On a rare occasion, the cool factor can set the bar for function. This is definitely the case with Rolling Big Power's (RBP) new Turbo Back exhaust system. The exhaust on our Duramax provided excellent power, but it was hard on everything behind it. The side-exit exhaust would coat not only the paint in front of the rear tire but the rim, the tire, the spring pack, and the shock on the passenger side in soot. This took some of the fun out of the exhaust, because cleanup was always a rag-wasting bummer.
RBP has been developing exhaust systems and other diesel performance goods for the past five years. Recently, the company has come out with an after-turbo exhaust system that exits in the center of the truck, just behind the rear differential. A 4-inch stainless steel downpipe is flanged to couple directly to the turbo. It uses mostly stock exhaust hangers up till the free-flowing muffler, and then the exhaust bends into the center of the truck and exits above the center of the diff.
Most stock trucks splay the left and right shocks to help manage wheelhop as well as standard suspension action, with one leaned forward and mounted to the front of the diff tube, and one laid back, mounted to the back of the diff tube. Many aftermarket suspension setups relocate the shocks symmetrically on the rear of the differential tube. RBP's center-exit exhaust is perfect for lifted trucks that relocate the shocks like this, because it reroutes the exhaust away from the shock mounting locations. Another great fact of RBP's new exhaust is it looks sick on a lifted truck, and it exhales the diesel exhaust away from the suspension, body, and rims.
So, how does this exhaust raise the bar on performance exhaust? It works, that's how. The center-exit exhaust has unnecessary bends that add to the backpressure-reducing exhaust speeds and increasing turbo lag, right? That's almost true. Some backpressure is needed to prevent the combined cylinder combustions from creating an exhaust pulse. The pulsing wouldn't apply a steady pressure to the turbine wheel, reducing the turbo's efficiency. RBP's exhaust increases the tubing size all the way from the turbo downpipe and outward, providing more volume. The two bends it takes to place the exhaust in the center of the differential, along with the muffler, supply an excellent balance between low-speed spooling and high-speed huffing.
Turbo wastegates are electronically operated on all new passenger turbodiesels, so the system didn't make more boost over our short side-exit exhaust. The most notable changes are the turbo came up on pressure a bit faster and the average exhaust temperature was about 175 degrees cooler. This was largely due to the replacement of the stock downpipe and the increase in overall exhaust flow. This increases low-speed power, because most stock engine management programs force the fuel system to defuel on low boost. An increase in the flow spools the turbo faster, reducing defuel time and increasing midrange power.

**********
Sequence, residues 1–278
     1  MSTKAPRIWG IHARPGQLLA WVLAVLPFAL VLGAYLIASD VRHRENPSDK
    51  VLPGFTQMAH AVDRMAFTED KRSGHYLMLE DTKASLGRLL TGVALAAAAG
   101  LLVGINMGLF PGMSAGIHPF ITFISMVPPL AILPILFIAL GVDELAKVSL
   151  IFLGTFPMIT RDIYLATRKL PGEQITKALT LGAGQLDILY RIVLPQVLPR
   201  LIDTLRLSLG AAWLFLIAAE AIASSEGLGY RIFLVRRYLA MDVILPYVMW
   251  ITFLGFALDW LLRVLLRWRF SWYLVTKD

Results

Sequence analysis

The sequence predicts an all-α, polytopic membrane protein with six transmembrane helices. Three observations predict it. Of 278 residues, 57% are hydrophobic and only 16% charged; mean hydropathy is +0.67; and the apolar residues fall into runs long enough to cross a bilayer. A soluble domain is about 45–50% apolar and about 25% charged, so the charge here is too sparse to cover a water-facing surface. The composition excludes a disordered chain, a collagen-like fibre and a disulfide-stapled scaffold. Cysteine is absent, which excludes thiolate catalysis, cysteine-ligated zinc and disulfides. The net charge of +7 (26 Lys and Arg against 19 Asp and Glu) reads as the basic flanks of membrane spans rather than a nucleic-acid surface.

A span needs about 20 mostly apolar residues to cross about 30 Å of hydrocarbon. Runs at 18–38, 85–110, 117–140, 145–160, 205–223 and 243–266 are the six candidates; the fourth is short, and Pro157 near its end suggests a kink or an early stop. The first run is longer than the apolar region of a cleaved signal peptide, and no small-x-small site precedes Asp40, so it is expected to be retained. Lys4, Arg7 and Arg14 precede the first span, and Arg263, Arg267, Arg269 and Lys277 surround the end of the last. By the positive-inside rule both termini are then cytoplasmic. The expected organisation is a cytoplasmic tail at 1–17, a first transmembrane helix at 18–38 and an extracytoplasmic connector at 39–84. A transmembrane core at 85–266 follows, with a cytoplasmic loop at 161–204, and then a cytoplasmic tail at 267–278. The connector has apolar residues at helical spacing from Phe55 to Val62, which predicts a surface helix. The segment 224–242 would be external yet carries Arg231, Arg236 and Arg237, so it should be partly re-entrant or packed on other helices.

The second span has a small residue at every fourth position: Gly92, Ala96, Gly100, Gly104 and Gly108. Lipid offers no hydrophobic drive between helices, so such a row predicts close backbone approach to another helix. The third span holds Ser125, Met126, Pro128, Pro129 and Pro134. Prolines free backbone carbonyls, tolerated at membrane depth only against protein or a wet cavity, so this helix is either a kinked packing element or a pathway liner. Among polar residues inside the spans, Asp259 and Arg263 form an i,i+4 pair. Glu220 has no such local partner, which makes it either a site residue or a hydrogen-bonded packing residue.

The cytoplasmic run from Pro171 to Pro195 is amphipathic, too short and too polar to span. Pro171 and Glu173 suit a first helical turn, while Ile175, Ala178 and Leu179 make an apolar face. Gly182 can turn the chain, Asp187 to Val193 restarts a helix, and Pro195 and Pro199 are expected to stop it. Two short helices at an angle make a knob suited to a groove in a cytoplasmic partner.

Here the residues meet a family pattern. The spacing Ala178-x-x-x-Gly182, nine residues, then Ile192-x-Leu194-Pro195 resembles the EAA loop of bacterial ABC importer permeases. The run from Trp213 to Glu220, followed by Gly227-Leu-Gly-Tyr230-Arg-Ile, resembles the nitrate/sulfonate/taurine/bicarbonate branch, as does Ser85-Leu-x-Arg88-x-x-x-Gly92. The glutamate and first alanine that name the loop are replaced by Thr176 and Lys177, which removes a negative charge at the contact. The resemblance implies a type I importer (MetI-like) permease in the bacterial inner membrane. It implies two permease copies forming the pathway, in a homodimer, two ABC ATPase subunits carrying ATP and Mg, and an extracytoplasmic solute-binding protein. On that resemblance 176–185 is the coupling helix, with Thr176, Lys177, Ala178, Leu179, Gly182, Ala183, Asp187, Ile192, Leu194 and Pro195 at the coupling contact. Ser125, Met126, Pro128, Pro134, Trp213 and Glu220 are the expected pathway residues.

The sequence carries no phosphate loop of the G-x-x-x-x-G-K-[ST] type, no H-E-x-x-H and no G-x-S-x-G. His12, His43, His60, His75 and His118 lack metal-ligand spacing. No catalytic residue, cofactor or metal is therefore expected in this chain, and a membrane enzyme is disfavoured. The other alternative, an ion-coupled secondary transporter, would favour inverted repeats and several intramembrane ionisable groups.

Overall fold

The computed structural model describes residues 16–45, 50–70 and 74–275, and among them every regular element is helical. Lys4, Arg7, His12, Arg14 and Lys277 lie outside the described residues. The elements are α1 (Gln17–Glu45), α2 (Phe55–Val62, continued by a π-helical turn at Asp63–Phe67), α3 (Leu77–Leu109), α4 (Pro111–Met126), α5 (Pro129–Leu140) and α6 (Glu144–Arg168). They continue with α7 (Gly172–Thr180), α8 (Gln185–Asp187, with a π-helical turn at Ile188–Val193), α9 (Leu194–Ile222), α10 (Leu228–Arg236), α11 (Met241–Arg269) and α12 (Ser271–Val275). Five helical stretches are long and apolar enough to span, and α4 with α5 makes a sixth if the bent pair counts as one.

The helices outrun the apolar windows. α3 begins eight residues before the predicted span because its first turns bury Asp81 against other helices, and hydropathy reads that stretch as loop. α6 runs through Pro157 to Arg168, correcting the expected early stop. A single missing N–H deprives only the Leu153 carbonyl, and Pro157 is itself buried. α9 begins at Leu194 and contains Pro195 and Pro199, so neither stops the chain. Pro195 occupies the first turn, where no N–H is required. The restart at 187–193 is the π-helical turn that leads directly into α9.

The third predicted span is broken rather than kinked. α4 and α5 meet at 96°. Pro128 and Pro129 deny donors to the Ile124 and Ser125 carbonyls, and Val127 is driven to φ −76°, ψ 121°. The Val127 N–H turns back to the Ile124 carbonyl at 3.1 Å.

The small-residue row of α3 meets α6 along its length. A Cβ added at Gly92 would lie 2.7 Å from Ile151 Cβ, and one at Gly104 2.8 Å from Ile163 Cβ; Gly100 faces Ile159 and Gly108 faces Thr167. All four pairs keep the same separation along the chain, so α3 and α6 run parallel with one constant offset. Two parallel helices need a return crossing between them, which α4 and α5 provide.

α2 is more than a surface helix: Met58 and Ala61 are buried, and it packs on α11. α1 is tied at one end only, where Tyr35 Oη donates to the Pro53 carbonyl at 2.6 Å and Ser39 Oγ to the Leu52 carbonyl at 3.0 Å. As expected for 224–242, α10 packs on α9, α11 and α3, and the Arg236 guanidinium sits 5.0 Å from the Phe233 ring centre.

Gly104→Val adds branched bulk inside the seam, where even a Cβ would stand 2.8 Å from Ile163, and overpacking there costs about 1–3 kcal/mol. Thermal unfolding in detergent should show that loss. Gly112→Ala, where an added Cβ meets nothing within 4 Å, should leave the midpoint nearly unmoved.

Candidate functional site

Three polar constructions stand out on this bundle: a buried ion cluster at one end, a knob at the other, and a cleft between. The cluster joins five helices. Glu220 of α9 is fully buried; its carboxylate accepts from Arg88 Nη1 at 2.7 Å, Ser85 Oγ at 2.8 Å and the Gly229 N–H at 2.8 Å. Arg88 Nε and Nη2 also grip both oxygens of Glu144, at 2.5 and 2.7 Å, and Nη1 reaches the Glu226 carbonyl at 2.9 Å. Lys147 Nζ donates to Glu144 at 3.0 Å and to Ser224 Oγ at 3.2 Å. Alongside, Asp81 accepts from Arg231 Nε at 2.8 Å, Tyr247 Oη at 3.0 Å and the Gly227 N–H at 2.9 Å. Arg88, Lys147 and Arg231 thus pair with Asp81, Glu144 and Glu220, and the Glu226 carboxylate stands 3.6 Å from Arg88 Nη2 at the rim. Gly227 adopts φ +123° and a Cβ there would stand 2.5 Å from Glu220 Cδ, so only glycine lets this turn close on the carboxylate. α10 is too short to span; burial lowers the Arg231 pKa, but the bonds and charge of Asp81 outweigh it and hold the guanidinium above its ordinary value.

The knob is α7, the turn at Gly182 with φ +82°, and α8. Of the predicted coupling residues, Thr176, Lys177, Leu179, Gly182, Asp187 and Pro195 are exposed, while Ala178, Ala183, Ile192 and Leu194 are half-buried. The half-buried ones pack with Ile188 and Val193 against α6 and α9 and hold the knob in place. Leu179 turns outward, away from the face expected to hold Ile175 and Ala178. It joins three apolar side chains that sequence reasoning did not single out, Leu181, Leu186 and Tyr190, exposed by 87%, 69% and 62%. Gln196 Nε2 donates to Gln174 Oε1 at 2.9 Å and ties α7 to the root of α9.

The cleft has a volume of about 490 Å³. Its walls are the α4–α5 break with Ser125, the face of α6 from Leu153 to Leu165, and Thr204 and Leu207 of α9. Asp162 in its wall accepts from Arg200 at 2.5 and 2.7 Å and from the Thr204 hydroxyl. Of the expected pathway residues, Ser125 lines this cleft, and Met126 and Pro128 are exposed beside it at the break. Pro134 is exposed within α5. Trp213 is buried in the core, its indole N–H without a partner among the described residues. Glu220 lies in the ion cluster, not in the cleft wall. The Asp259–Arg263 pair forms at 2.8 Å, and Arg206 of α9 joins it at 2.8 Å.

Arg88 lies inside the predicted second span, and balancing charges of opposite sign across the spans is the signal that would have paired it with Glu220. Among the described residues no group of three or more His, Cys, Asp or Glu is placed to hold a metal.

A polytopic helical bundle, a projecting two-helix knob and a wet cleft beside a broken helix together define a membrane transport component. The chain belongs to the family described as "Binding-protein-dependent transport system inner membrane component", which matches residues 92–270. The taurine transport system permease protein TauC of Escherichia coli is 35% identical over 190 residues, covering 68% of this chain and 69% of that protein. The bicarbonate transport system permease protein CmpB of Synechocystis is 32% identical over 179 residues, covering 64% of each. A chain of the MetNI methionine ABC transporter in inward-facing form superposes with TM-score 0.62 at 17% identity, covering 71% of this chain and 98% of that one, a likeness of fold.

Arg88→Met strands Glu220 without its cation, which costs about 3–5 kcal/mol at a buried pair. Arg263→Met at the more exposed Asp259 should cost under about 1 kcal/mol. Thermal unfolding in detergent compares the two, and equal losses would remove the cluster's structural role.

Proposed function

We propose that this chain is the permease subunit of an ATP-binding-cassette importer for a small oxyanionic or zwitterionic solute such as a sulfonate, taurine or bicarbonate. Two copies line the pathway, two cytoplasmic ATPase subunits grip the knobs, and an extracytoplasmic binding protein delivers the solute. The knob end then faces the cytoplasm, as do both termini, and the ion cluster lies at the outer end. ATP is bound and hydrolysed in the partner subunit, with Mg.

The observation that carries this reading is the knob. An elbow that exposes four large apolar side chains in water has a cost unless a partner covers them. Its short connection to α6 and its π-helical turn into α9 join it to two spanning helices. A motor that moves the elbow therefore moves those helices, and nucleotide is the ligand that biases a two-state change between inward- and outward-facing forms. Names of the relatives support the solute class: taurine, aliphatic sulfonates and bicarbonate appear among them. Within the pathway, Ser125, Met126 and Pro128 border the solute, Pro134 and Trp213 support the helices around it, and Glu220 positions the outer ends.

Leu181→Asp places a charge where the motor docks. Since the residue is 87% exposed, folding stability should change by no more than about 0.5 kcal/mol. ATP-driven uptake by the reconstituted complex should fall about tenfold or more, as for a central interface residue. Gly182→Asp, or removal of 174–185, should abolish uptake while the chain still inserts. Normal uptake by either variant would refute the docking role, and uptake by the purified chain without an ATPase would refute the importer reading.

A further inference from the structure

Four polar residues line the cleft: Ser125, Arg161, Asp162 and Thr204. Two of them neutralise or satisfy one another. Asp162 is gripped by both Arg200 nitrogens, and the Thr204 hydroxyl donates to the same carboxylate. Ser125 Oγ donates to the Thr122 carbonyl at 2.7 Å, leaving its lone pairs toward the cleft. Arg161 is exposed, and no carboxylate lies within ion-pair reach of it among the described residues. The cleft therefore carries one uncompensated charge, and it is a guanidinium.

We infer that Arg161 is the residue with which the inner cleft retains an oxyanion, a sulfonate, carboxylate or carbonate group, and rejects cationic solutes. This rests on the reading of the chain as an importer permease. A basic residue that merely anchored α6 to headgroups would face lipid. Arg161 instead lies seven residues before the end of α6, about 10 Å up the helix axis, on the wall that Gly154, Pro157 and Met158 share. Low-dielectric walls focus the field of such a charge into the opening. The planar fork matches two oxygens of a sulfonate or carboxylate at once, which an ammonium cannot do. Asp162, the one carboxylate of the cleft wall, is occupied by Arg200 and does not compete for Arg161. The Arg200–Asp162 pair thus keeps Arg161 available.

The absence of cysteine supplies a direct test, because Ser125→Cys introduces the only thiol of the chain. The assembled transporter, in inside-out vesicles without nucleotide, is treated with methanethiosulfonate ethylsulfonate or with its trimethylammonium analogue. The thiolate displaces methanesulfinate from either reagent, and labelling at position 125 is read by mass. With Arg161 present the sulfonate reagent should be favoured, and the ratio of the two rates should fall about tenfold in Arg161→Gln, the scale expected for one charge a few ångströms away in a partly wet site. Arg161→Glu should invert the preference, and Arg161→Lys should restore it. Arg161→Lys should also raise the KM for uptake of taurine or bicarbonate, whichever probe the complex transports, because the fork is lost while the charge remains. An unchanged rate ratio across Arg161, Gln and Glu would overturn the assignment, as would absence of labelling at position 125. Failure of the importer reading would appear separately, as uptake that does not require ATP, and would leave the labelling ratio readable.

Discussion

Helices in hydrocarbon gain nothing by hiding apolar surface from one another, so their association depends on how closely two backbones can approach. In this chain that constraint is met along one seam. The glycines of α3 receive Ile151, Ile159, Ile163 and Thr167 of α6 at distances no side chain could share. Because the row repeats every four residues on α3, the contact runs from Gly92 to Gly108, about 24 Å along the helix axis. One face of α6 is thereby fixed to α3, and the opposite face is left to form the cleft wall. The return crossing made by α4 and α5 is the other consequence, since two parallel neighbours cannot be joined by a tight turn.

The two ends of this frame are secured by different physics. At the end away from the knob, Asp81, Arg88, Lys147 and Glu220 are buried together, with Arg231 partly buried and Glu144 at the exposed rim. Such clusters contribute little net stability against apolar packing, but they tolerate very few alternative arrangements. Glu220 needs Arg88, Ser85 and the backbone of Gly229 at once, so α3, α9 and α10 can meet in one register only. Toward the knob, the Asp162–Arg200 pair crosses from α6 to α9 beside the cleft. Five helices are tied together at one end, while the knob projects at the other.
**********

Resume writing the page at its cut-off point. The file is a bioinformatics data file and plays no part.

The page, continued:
We didn't dyno this scenario for comparison, because we didn't expect to see a gain in power. It was more about relocating the exhaust for suspension work, and controlling the soot mess from our truck was the original focus. One thing's for sure, the RBP Turbo Back exhaust system does those two things, plus it provides turbo response, enhances power, and looks sick with the 18x5-inch mirror-polished stainless RBP tip.
1. The side-exit exhaust...
1. The side-exit exhaust on the truck was configured to exhale the diesel exhaust gases right in front of the rear wheel. Even though this exhaust made good power, it made cleanup significantly less desirable and kept our garage rag reserve in a constant state of despair.
2. You never know what to...
2. You never know what to expect when you get work done to your truck. Two exhaust hangers were added to fit this high-flow, shorty exhaust to our Duramax. The last hanger was welded right to the bottom of the framerail in plain view. This not only looked bad, but the welds looked like ABC gum-not to mention they welded to the frame, instead of a crossmember. You want to weld as little to the frame as possible, especially for something as trivial as an exhaust hanger.
3. The wide band clamps...
3. The wide band clamps used to hold the tubing together were tacked in place, but the bolts had started to back off, allowing our killer exhaust to leak at every coupling.